Thursday, 13 March 2008

No strings attached

So it was a boring budget, as the minister with a reputation for being a 'safe pair of hands' emerged with his reputation intact. Forgive me as a non-driver if I don't get worked up about showroom taxes on gaz guzzlers; even as a drinker, I doubt that 14p on a bottle will bring an end to my Rioja-drinking habits. So boring was the budget that even the columnists had little interesting to say this morning. But this didn't stop Alice Miles. In the absence of much else to write about, she used her Times column to recall the days when Gordon Brown used to keep budgets secret from the Prime Minister (and much of the cabinet). But she was picked a bad example when she claimed
Mr Brown not only told the ministers the amount they were getting, he would publish a slew of targets telling them what to prioritise, and even directly order them how to spend it - he told David Blunkett, for instance, in March 2000 that the extra £1 billion for schools was to be sent directly to head teachers, bypassing local education authorities.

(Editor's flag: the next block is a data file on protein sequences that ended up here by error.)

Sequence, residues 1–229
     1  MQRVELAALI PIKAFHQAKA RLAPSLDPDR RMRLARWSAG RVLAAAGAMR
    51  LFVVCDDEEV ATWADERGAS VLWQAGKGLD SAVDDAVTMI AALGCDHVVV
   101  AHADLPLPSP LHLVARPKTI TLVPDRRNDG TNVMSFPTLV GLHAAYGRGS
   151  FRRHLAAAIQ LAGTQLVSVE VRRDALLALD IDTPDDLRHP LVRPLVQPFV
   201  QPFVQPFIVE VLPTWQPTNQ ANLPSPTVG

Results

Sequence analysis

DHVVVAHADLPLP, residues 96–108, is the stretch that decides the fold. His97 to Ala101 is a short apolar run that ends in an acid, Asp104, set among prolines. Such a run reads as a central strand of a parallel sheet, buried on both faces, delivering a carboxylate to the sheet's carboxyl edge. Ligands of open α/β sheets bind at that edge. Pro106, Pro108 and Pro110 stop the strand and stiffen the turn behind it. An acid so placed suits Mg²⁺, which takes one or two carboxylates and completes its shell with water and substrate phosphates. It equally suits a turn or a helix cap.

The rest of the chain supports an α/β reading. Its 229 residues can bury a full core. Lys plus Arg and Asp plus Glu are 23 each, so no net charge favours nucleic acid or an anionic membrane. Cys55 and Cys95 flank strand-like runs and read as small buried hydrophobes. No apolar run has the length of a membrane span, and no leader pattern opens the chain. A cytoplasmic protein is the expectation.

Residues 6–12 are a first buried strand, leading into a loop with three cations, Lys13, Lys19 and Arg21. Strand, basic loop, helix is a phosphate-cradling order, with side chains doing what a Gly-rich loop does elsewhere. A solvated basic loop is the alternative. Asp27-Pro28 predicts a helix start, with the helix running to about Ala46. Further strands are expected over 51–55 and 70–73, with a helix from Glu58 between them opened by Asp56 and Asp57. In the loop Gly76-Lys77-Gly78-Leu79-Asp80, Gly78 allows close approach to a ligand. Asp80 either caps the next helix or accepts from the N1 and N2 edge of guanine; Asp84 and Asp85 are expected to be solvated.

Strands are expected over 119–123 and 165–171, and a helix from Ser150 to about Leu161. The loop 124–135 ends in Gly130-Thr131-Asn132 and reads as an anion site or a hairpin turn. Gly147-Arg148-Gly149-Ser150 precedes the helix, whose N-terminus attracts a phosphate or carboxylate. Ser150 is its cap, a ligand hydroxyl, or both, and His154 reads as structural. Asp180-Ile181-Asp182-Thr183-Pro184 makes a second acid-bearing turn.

Not true. In fact, the direct funding was devised by David Blunkett and some of us who worked with him precisely to avoid all of the education spending being tied up in Treasury targets. Brown took a lot of persuading initially, though the 'direct grants' were to become a popular feature of later budgets (and a similar budget was introduced, at Blunkett's behest, for school capital). Indeed it was Brown's and John Prescott's opposition that prevented Tony Blair and Charles Clarke from moving to a national funding formula for schools that would bypass local authorities. And, in 2006, there was a return to form, when the Treasury started to link increases in what became known as the School Standards Grant to poverty indicators. The result has been that the one grant that benefited schools in every part of the country (and every constituency) has lost its simplicity and popularity. As Brown 2008 embraces reform and independence for schools, he should restore the simplicity of this direct funding, and use other resources to target the poorest schools. Better still, he could move to a national formula and funding agency for all secondary schools.

1 comment:

oldandrew said...

I'm of the view that (for secondary at least) a single funding system could be used for all schools and still take account of disadvantage if schools were funded according to the previous academic results of their intake, with more money being paid to schools taking students with lower KS2 SATs results. It would also encourage schools to aim for a reasonable comprehensive intake.